This beautiful reflection is written by Aggelos one of two long-term volunteers this season:
Hello hello, probably for the last time, at least for this year. My EVS project has almost come to an end and it is in these moments when you think you would look back, remembering and reflecting upon experiences. But you don’t do it the usual way, just looking at photos, or wishing you relive some special moments because those moments are gone, they are in the past. That doesn’t mean you forgot about them but that they are a part of you now. You will never forget because you are who you are.
I cannot relate any more to the person I was when I first arrived in Boodaville. Frightened and scared that I had left everything behind, my friends, my family and the security of no change. The very first moments of complete sadness and without any sense of purpose. Looking around I could only see the emptiness and meaningless in everything. It was only when I talked to the people that were with me there about how I felt that I started to grow, to grow inside. No more wondering if I chose the right place, if I made the best decision.
“this was the first step to natural farming and reconnection with the true nature of all things. Because when you realise that the soil in your hand is not just a combination of water, minerals, organic matter and microorganisms but life itself, the essence of meaning, it is then you become whole not as a human but as part of everything and nothing.”
I wrote an email to Women’s Permaculture Guild and this came out :
Thanks for all your amazing work on this. You are doing an excellent job of creating engagement.
I honestly have a little problem with the “women only” aspect. While i recognise completely that this is a “reformative” measure based on the current imbalance, I look forward to the time in the future where we can create a “revolutionary” platform representing the equal situation we are ultimately aiming for.
I’m back in Boodaville. It’s great to be back and follow the rhythm of nature to guide our days. I miss that in our everyday society. It’s very interesting to see how my fellow Boodavillians have changed in the 2 months I’ve been away. They are so free. So confident. In touch with theirselves and taking life day by day. It makes me realised how I have changed the last 2 months too. I adapted to life in our modern society again. Guided by the clock and appointments and my mobile phone. It is amazing how I bounced back into society life. Now I need time to bounce back in nature’s rhythm. The rhythm I prefer.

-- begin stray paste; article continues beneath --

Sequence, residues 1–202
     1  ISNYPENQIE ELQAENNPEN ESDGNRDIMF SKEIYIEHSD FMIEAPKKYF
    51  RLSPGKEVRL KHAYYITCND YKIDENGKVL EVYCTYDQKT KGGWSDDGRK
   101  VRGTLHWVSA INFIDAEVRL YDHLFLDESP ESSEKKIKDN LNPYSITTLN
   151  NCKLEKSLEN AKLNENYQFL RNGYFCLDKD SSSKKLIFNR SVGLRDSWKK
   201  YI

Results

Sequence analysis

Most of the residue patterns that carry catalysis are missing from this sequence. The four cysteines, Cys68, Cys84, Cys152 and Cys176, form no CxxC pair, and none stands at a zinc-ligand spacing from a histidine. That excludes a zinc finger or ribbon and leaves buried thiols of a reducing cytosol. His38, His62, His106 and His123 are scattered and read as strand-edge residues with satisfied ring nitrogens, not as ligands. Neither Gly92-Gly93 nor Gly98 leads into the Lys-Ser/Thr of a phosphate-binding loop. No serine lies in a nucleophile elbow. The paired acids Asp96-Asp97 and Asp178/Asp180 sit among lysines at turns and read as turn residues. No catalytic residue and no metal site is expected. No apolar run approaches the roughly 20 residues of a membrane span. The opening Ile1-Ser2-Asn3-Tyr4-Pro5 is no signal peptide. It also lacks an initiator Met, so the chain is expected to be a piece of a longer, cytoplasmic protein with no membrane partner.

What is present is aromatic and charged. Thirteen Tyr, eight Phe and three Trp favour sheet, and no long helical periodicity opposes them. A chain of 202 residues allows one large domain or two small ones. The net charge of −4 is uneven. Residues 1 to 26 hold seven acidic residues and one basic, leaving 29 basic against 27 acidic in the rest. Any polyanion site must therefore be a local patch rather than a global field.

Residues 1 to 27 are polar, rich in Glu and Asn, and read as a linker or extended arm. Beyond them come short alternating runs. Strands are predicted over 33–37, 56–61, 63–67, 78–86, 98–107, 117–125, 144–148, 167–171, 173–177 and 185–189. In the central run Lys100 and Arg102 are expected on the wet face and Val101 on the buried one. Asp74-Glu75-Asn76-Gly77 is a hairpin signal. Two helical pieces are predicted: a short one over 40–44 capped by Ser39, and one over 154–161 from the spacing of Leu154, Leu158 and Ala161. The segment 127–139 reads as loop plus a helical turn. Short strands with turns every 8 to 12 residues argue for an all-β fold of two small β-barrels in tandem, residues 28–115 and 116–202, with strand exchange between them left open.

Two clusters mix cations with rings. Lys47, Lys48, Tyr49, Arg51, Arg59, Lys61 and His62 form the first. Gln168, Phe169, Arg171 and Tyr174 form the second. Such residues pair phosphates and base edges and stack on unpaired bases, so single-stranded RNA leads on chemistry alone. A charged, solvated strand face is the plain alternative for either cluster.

I’ve been doing various projects since I’m back. Redoing the insulation on the veggie fridge, making a functioning haybox (we need to find a new name for it… Aggelos suggested sheepbox as it is insulated with wool now, not with hay). We lit the rocketstove we made this summer for the first time. It didn’t go very well, there was smoke coming out everywhere. Jordi, who is in charge of this project, calmly started to repair and showed me how I can make the best fire. He announced me the firemaster. I’m also trying to bring a leather chair back to life by using the tools we’ve got. I love being creative. I keep surprising myself with the skills I never thought I had. I’m even learning Spanish. It’s hard to believe that I arrived only last week. So many things I have learned already.
Often we swim in the river and it’s not as pleasant as it used to be this summer. These days its more… refreshing I’ve got to say. And therefore Continue reading “First monthly review from Jessica!”
The roof building project was in June 2018.. we will post again soon with picture of the tiles going on, and now in October we just need to add the finishing touches before it is really really done. We hope to be there before the end of the season!